In almost all assembly books you’ll find some nice tricks to do fast multiplications. E.g. instead of “imul eax, ebx, 3” you can do “lea eax, [ebx+ebx*2]”Â (ignoring flag effects). It’s pretty clear how this works. But how can we speed up, say, a division by 3? This is quite important since division is still a really slow operation. If you never thought or heart about this problem before, get pen and paper and try a little bit. It’s an interesting problem.
The user port of the Commodore 64 exposes a TTL-level RS-232 serial port that supports up to 1200 baud1. In 1997, Daniel Dallmann came up with a very sophisticated trick that allowed sending and receiving at 9600 baud2, using slightly different wiring and a dedicated driver. This “UP9600” wiring has become the de-facto standard for all modern accessories, like C64 WiFi modems. Let’s see how UP9600 works.
This is the video recording of “The Ultimate Game Boy Talk” at 33C3.
Modern filesystems are highly optimized database systems that are a core function of modern operating systems. They allow concurrent access by many CPUs, they keep locality up and fragementation down, and they can recover from crashes guaranteeing consistent data structures.
Branch Delay Slots are one of the awkward features of RISC architectures. RISC CPUs are pipelined by definition, so while the current instruction is in execution, the following instruction(s) will be in the pipeline already. If there is for example a conditional branch in the instruction stream, the CPU cannot know whether the next instruction is the one following the branch or the instruction at the target location until it has evaluated the branch. This would cause a bubble in the pipeline; therefore some RISC architectures have a branch delay slot: The instruction after the branch will always be executed, no matter whether the branch is taken or not.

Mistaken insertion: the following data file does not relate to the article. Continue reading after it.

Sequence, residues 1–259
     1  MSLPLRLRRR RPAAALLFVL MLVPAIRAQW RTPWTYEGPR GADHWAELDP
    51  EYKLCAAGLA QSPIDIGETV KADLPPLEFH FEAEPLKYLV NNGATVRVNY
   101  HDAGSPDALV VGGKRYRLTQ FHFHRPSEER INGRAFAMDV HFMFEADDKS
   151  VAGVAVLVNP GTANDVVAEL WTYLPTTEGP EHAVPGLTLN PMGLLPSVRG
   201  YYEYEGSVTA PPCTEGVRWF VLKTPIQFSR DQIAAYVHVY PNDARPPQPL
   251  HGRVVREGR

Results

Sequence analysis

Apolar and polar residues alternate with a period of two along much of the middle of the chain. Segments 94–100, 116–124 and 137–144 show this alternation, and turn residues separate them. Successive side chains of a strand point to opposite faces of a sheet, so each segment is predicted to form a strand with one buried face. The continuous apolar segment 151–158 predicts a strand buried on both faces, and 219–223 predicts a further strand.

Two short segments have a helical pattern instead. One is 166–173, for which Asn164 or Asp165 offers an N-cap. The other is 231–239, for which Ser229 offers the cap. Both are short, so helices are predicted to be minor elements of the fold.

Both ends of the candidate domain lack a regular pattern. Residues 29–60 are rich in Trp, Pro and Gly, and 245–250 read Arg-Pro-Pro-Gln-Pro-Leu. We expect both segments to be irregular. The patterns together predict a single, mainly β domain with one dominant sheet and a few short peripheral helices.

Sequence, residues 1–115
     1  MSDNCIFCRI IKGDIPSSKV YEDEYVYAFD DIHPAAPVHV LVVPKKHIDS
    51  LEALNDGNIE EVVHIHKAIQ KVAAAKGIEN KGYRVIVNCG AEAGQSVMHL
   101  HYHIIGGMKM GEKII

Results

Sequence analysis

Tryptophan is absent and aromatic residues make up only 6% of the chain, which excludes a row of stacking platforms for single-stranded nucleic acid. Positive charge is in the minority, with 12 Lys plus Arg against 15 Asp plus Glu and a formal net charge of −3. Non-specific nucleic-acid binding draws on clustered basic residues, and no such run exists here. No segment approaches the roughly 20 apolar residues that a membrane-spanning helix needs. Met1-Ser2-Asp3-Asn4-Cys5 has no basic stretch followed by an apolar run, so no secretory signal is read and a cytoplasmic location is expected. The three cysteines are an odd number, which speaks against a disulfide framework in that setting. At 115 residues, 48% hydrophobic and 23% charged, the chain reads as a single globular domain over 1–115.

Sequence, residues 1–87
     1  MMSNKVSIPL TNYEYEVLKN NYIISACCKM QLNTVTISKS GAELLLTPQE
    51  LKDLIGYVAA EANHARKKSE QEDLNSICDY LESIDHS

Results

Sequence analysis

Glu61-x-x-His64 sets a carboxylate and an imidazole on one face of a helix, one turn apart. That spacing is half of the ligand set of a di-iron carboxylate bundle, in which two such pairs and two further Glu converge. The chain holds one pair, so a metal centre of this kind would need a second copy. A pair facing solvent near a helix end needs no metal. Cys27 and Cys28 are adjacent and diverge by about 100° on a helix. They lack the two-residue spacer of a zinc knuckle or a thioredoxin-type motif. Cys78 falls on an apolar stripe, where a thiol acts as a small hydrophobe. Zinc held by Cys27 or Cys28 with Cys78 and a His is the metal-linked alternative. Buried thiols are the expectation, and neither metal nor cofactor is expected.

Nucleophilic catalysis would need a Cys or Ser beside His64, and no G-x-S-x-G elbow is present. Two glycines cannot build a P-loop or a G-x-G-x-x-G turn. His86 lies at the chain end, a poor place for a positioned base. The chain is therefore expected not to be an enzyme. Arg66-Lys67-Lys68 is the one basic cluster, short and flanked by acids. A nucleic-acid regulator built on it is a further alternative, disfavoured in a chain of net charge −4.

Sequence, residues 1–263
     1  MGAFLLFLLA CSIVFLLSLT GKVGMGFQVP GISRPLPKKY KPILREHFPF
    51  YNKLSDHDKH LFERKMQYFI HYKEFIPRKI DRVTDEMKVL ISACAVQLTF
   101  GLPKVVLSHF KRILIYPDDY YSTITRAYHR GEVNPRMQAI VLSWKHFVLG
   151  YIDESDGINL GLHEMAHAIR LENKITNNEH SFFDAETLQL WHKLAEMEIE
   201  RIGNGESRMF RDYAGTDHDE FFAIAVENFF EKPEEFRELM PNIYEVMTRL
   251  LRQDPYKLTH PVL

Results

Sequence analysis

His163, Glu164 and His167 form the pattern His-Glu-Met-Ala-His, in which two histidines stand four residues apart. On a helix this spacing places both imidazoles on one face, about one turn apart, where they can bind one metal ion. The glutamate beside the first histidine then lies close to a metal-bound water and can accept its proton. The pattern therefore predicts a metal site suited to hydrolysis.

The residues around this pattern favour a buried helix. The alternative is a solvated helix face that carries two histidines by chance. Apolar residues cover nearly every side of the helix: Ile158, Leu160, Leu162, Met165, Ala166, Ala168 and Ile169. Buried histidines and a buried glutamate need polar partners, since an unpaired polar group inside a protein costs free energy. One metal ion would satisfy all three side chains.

In many operating systems, I have seen overly complicated startup code. Too much is done in assembly, and printf() and framebuffer access is only available very late. In the next three blog posts, I will show how this can be avoided.
Commodore computers up to BASIC 2.0 (like the Commodore 64, the VIC-20 and the PET 2001) only had a very basic understanding of mass storage: There were physical device numbers that were mapped to the different busses, and the “KERNAL” library had “open”, “read”, “write” and “close” functions that worked on these devices. There were also higher-level “load” and “save” functions that could load and save arbitrary regions of memory: The first two bytes of the file would be the (little endian) start address of the memory block.
Bitfields are very common in low level C programming. You can use them for efficient storage of a data structure with lots of flags, or to pass a set of flags between functions. Let us look at the different ways of doing this.
When I disassembled Steve Wozniak’s Apple I BASIC, I found a 6502 trick that I had never seen before, although I had read a lot of 6502 code, including the very well-written Commodore BASIC (i.e. Microsoft BASIC for 6502).
I thought of an optimization that compilers for most CPUs could do that I think should be implemented. Let’s say you have C code like this: